It’s not too late to voice your opinion regarding the new Riverside skate park design. Staff members at Parks Dept. and Councilman Mark Levine’s office have absolutely no idea of a unified opposition to the Riverside design.
To help, please send an opposition email to the following 8 email addresses. (separately) and plan to attend the CB7 meeting scheduled for Tuesday 6/7 @6pm (flyer above).
Subject Line: Riverside Skatepark redesign does not serve the needs of the community
Email: Position Statement on initial Riverside Skatepark redesign proposal
Initial reception to the New York City Parks Department’s proposed skatepark design intended to replace the existing Riverside Skatepark facility has been met with a unanimous cry of disappointment and anger.
• The new Riverside Skatepark design proposal fails to fulfill the needs of the community. It’s a weak street plaza-focused design and a complete reversal of the parks original design vision.
• The outcome is contrary to the need of the skating population.
• The proposed design is exclusionary to a substantial percentage of its citizen user base, which are transitional skaters (people that skate larger sized bowls and banks and half pipes). Even more alarming: NYC Parks has built about 20 small street plaza skateparks while ignoring the need for well-balanced skateparks. So this trend amounts to policy not just for Riverside, but all its projects in recent memory.
• The new design should adopt the original intention of the Andy Kessler facility, which is a transition-focused skateboard park with diverse elements for Beginner, Intermediate and Advanced transitional elements alongside a Street Plaza.
• The proportions of space allocation, for Beginner, Intermediate, Advanced and Street for the new design should roughly match existing Riverside Skatepark facility.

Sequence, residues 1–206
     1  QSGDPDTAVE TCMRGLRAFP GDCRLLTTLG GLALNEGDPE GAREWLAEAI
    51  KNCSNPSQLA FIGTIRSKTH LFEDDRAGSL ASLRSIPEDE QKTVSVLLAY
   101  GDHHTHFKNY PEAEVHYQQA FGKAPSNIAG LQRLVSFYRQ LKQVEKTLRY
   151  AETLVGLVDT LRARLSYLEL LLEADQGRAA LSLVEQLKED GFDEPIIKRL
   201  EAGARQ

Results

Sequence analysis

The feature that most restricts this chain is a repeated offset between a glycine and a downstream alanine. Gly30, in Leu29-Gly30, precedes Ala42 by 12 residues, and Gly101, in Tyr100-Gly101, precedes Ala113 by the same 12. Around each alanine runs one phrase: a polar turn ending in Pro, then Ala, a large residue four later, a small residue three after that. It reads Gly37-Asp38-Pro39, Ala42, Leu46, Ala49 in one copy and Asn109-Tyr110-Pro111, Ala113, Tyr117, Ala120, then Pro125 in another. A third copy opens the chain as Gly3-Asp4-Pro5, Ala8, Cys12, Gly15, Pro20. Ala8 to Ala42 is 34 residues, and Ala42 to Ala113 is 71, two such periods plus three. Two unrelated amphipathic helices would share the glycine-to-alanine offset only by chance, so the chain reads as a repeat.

• That NYC Parks Dept. indeed has the best of intentions in it is creating skateparks city-wide. This is a great thing and we love this. We believe that these mistakes are an understandable result of the community needs being understudied.
• The Riverside Skatepark location is the most important and significant location currently being developed on the East Coast. We’d like the City of New York, W Architecture and Landscape Architecture, LLC and whatever vendor it chooses to design and build to frame the design with this in mind.
• Arbitrary and capricious: Historically, NYC Parks Department has adopted an ad-hoc regulation of a three-foot height maximum for it skatepark banks. Nowhere in the NYC Parks Department skatepark guideline is a three-foot height restriction listed. This insistence of the ad-hoc regulation is arbitrary and capricious and has the direct effect of denying recreational use and artistic expression of a substantial percentage of the City’s user base. The City of New York is decades behind the rest of the world in this regards.
• Another myth is a limit to the dig depth due to connecting into the existing drainage system. A dry well storm water disposal system as allowed by NYC building code Section PC 1114 and allows you to dig deeper.
• New York City has the largest demographic of skateboarders in the world. Let’s build them world-class skateparks. Let’s not miss the opportunity to create thoughtful, destination-quality skating elements. The best analogy here would be: where would our tourism business be if we forced the theaters to produce third-rate shows.
• Early in the design process, the Riverside Skatepark Coalition submitted design suggestions based on a wide survey of users. This design endorsed with a five hundred signature petition. We’d like to consult on the elements for the replacement park.
• We’d like to see some other design ideas for a robust, fully featured, forward-thinking skatepark for Riverside Skatepark that works both for the skaters and residents of the upper west side.
• Perhaps additional vendors for the design and construction should be considered at this time. There are regional vendors that are perhaps more progressive and responsive than California Skateparks. (Worthy of note here is that the representative that California Skateparks sent to the design unveiling was very forthcoming that he had zero knowledge of the project. He was also an hour late due to another, clearly more important, project).